2. Pray to the Lord of harvest. Specifically, pray that God will send out workers. This means that we are asking God to send us to people who will become workers in the harvest. We are asking, not just for receptive people, but for those who will turn around and attract others by their influence and become effective at drawing others. By praying this way, we are engaging the principle of reproduction from the very beginning. We are asking God to bring us to those who will not be barren but fruitful.
3. Acts of kindness, miracles, and relationship-building precede the proclamation of the Kingdom of God. Clear, spoken explanation of the Kingdom does take place in this passage. But prior to that, the disciples are told to display compassion, pray for needs, and build relationship through eating together.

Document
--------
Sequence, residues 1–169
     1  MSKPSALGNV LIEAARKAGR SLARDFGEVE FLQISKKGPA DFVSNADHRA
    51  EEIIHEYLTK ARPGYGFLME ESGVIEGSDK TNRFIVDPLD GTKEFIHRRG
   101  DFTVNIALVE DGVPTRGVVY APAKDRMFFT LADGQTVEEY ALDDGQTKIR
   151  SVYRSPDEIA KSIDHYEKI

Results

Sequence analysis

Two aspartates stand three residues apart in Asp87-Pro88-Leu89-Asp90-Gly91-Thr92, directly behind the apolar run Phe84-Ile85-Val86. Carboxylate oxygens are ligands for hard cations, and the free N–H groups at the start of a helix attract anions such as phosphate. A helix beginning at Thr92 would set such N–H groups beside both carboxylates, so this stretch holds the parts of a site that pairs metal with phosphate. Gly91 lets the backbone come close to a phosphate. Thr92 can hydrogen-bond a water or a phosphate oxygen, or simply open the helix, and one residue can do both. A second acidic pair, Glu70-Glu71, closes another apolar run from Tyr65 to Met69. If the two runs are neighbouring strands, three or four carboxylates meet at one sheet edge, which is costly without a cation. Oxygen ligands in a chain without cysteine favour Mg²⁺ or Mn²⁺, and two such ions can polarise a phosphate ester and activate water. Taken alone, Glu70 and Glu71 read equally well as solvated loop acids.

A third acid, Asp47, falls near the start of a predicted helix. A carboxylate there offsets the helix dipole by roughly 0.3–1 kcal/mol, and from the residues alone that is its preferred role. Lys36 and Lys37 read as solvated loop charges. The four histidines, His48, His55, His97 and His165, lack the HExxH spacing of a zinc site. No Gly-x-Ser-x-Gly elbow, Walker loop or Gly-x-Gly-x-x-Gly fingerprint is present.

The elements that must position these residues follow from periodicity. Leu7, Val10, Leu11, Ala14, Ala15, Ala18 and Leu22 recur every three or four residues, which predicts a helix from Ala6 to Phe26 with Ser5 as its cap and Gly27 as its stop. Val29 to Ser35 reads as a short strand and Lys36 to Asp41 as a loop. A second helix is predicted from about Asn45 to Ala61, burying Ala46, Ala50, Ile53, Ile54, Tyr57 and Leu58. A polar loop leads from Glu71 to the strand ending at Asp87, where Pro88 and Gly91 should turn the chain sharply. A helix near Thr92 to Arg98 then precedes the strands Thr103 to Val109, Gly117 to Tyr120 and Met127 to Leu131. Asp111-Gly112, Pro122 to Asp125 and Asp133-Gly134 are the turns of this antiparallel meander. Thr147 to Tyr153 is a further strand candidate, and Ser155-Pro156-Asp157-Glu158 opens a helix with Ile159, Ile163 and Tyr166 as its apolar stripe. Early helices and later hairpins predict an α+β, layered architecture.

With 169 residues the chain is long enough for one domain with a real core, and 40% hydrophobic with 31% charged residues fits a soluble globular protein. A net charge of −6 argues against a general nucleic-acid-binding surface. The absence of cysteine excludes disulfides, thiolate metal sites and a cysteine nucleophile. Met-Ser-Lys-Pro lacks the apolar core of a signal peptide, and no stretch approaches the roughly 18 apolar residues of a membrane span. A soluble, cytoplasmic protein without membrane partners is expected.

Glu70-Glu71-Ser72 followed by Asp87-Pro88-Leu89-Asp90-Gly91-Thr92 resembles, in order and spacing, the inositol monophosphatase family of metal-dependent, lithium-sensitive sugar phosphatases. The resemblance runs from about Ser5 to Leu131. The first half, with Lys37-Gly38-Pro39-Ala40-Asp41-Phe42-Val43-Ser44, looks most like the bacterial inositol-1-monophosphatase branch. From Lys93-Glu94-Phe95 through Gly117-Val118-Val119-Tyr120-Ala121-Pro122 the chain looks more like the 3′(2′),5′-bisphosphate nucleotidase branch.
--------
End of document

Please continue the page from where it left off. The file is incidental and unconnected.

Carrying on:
If you want to move forward in planting simple/house/organic churches, reaching others, living incarnationally, and becoming fruitful, praying over this passage and asking God for next steps might be a great place to start.
My friends over at Newforms Resources have put together a wonderful video that uses a game format to describe the simple, powerful principles of disciple making movements. This is a wonderfully precise and informative vid:
(Re-posted from 2005):
The Christian world, the entire Christian world, is permeated with a religious spirit. It's in me, in others, in traditional churches, in house churches. It is such a pervasive dysfunction that it's no wonder Jesus addressed it so forcefully.
The religious spirit is not just "them," it's also "us." We think, oh so subtly, that we are somehow better than "them." We look at externals of some kind: how we worship, how we do liturgy or don't do liturgy, how we view Scripture, our pet theological perspectives and we hold tightly to these things because on some level we believe them to be "right." We lose our humility and our "rightness" becomes a judgment of others. We are better than them. We "do it" more correctly. And there it is--a religious spirit.